There are plans and explanations of the yard itself, giving a background to the detail in the photos.
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Format: Hardcover Verified Purchase
Although this is essentially a 'picture book' there is also a fascinating description of the procurement process for each ship. This shows how well organized the Admiralty and the DNC's department was and had to be during a period of massive warship construction programs. It's particularly interesting to note which shipyards were chosen and which were not, how the costs were 'broken down', and to see how both the detailed design and fabrication were sensibly 'shared out' between the companies building ships of the same class.

There are 24 pages on 'Inflexible' but 56 on 'Hood'- though in fairness as time went by it seems the photographic record grew larger. There is no obvious rationale behind these photos, which were taken by professional photographers employed by the shipyard and thus must have been very expensive: they seem to have been taken mainly just for the company archives. Most show the ships in nearly complete state- I'd have liked more showing the early stages, and some showing interiors- but probably these simply are not available.

Picture quality is generally good since these were long- exposure glass plate photographs which often show fine detail- though some seem to be a little over exposed here and many were clearly taken on dark and misty Scottish days: I imagine waiting for fine weather was a fruitless waste of time! The book is nicely made, though a higher gloss paper may have improved reproduction a little. All considered, though, this is a very interesting book: the criticisms are due more to the raw material available than to the efforts of the author and publisher.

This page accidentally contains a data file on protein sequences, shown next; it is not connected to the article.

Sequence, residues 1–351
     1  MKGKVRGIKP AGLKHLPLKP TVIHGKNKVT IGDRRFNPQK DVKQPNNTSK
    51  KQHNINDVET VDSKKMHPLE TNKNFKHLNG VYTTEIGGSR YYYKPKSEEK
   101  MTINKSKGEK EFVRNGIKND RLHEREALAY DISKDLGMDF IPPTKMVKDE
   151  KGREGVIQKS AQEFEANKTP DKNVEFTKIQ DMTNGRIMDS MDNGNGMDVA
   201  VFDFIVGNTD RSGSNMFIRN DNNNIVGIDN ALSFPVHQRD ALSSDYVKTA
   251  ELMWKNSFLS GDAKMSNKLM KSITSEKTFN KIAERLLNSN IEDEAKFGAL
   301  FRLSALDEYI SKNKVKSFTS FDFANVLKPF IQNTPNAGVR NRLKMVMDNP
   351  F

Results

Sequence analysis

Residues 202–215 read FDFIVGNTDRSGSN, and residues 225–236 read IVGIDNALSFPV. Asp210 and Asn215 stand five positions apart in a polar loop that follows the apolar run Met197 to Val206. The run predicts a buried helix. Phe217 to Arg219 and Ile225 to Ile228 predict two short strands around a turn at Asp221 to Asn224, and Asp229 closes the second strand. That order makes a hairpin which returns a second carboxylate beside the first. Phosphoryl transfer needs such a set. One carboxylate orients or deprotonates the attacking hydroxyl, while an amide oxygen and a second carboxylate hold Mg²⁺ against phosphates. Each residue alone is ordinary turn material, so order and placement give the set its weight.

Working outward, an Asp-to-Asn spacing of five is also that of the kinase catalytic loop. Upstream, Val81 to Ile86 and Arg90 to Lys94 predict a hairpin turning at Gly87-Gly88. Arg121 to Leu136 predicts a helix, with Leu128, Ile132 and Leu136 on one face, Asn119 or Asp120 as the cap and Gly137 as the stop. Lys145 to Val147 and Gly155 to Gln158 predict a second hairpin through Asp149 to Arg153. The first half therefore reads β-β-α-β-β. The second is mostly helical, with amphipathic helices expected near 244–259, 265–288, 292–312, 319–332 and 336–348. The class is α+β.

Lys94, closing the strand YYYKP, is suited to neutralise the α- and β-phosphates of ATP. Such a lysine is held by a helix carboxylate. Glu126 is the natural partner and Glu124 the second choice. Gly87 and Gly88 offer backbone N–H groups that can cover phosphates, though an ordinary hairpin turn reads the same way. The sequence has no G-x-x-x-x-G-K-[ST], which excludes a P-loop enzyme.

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Format: Hardcover Verified Purchase
In one sense this of course is a book for the real aficionados taking an interest in a rather narrow subject: old warships being built - and hardly a shot being fired.
But anyone interested in naval warfare surely will learn something new, either from the text or from studying the exquisite old glass-plate based photographs with their amazing level of details.
The book deals with the construction of 5 British battlecruisers, at a privately owned shipyard during the period 1905-1920.
The battlecruisers in many ways represented the apogee of warship design of all times. In their days they were unrivalled in their combination of speed and hitting power. They were born during a period where the level of innovation in design was faster than ever, as the book clearly demonstrates when comparing the first ship, HMS Inflexible with the last one, laid down only 10 years later: HMS Hood. New technologies were developed at a fast pace and immediately put to use in the ships.
A chapter is devoted to each of the 5 ships, starting out with a lengthy explanation of commercial, design and practical issues faced by the yard. This introduction is followed by many pages of photographs taken during the construction and fitting out. Small explanatory texts point out interesting details in the photos but there is a lot more to be found by the keen reader.
At the end of the book, appendices provide more details on various relevant subjects, and the reader only ends up wishing that there were more.
The appearance of the book is beautiful, each spread is nicely laid out and pleasing to the eye. In fact the book could easily match whatever else is sold for the coffee table, but maybe the subject still is a bit too specialized for the average coffee table guest.